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That actually sounds almost identical to this property. Here's how it was done, as best as I've been able to piece together. Mostly through oral family history. About 1900 this was a heavily wooded forest with nothing much else around. The nearby railroad track might have been here then, not sure. Original homesteader (let's call him great grandpa) came here with an axe & some serious woodworking skills. He picked the most level place on top of this ridge & built a small cabin & outhouse. The outhouse still exists but was filled with dirt & rock many years ago. As the cabin was built he planted chestnut, hickory, & pecan trees. If I had to guess the cherry & pear trees came some time after. As land around the cabin was cleared he built split rail fences, dug a water hole which has never gone dry, & started keeping a few cattle. Then built a small barn & a chicken coop large enough for about 50 chickens. Those are both still in good condition. The coop is still used for chickens. To the best of my knowledge building the initial homestead was his only job. He died & his son inherited the place. Then around 1940-1950 the cabin was expanded & slowly converted into a more comfortable house with electricity from the newfangled hydroelectric dam. Grandpa did have an outside job with the railroad. People called him Bull because he could carry two railroad ties around on his shoulders. He never drove in his life but rode a donkey everywhere. (no law against donkeys while intoxicated) Pastures got larger so there were more cattle. Then in the early 60's Bull died & left everything to his nieces & nephews. Only one niece was interested in the property so she gradually bought her cousins out. She had a city job but on the weekends, every weekend for many years, she & her friends gradually replaced the cabin & built a fully modern house. One room at a time until the cabin no longer existed. It's amazing what beer, BBQ, & good friends can accomplish by working together. A larger barn was built further away from the house. Then the small barn became home to a horse & a pig. Some small outbuildings were built using the old techniques. The horse & pig eventually died & are now buried directly under a hugelkultur bed. Their pasture is now my garden area. I'm fairly certain no vegetables other than maybe a few tomatoes were grown here until I arrived a couple years ago. I started by building a traditional kitchen garden & basic soil improvements. That has continuously expanded & is quite productive now. Starting to focus more on fruit, perennials, animal foods, & food forest type of things. We have enough pasture & cows. We also have a lot of zone 5 areas but I'm going to plant many more trees along one part of the perimeter that doesn't have enough. We have a few chickens & want a few more. There is wild game (deer, turkey, duck, goose) on site & fish nearby but so far I have only observed it. Have better places to hunt & fish.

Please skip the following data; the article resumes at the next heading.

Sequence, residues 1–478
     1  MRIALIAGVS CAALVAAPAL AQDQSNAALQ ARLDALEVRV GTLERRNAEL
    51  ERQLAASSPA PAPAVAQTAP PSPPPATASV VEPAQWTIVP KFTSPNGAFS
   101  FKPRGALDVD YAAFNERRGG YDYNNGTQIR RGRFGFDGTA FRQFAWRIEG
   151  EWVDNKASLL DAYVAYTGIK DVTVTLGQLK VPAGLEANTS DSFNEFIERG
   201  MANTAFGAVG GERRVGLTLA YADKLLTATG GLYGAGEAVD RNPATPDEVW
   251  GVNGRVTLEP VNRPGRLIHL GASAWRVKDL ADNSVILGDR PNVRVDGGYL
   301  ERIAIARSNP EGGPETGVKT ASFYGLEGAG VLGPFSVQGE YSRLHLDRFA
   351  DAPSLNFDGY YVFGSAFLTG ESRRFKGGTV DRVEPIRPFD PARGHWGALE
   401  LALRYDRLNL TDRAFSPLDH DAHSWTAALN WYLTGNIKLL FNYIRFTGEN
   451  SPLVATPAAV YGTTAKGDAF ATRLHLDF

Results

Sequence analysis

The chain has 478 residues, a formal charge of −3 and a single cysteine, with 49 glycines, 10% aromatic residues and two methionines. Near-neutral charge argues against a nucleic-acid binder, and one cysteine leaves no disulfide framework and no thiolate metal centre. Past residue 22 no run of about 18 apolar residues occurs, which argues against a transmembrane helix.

120 years later. Still a work in progress. In some ways we're going backwards in time with it. Smothering lawn with food. Planting trees. Restoring some pasture & edges to forest. Restoring wildflowers & pollinators. Sequestering carbon. Soaking up water. Gradually getting off grid functional again. Filling in a long neglected homesteading gap with a wide variety of food crops. Then if I'm still kicking the pastures need permie-ized.
 
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Awesome story @Mike!  Where do you fit into the story?  How are you related?
 
Eric Hanson
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Ryan, Mike,

So with this plan, I would go the less primitive route eventually.  So for mechanization I have already accounted for a beater pickup and a used 4 wheeler.  As is obvious from other posts, I am a bit tractor happy!

I think my ultimate goal would be to have 10 or so clear acres.  I would want to get a small herd of animals.  Even though right now I don’t know the first thing about raising livestock, I think I like the idea of sheep & goats as all purpose animals, what with meat, milk, and wool being useful items.  Ryan, I am really warming up to ducks for all the reasons you mentioned.  I like the idea of a Jersey cow or other similar breed.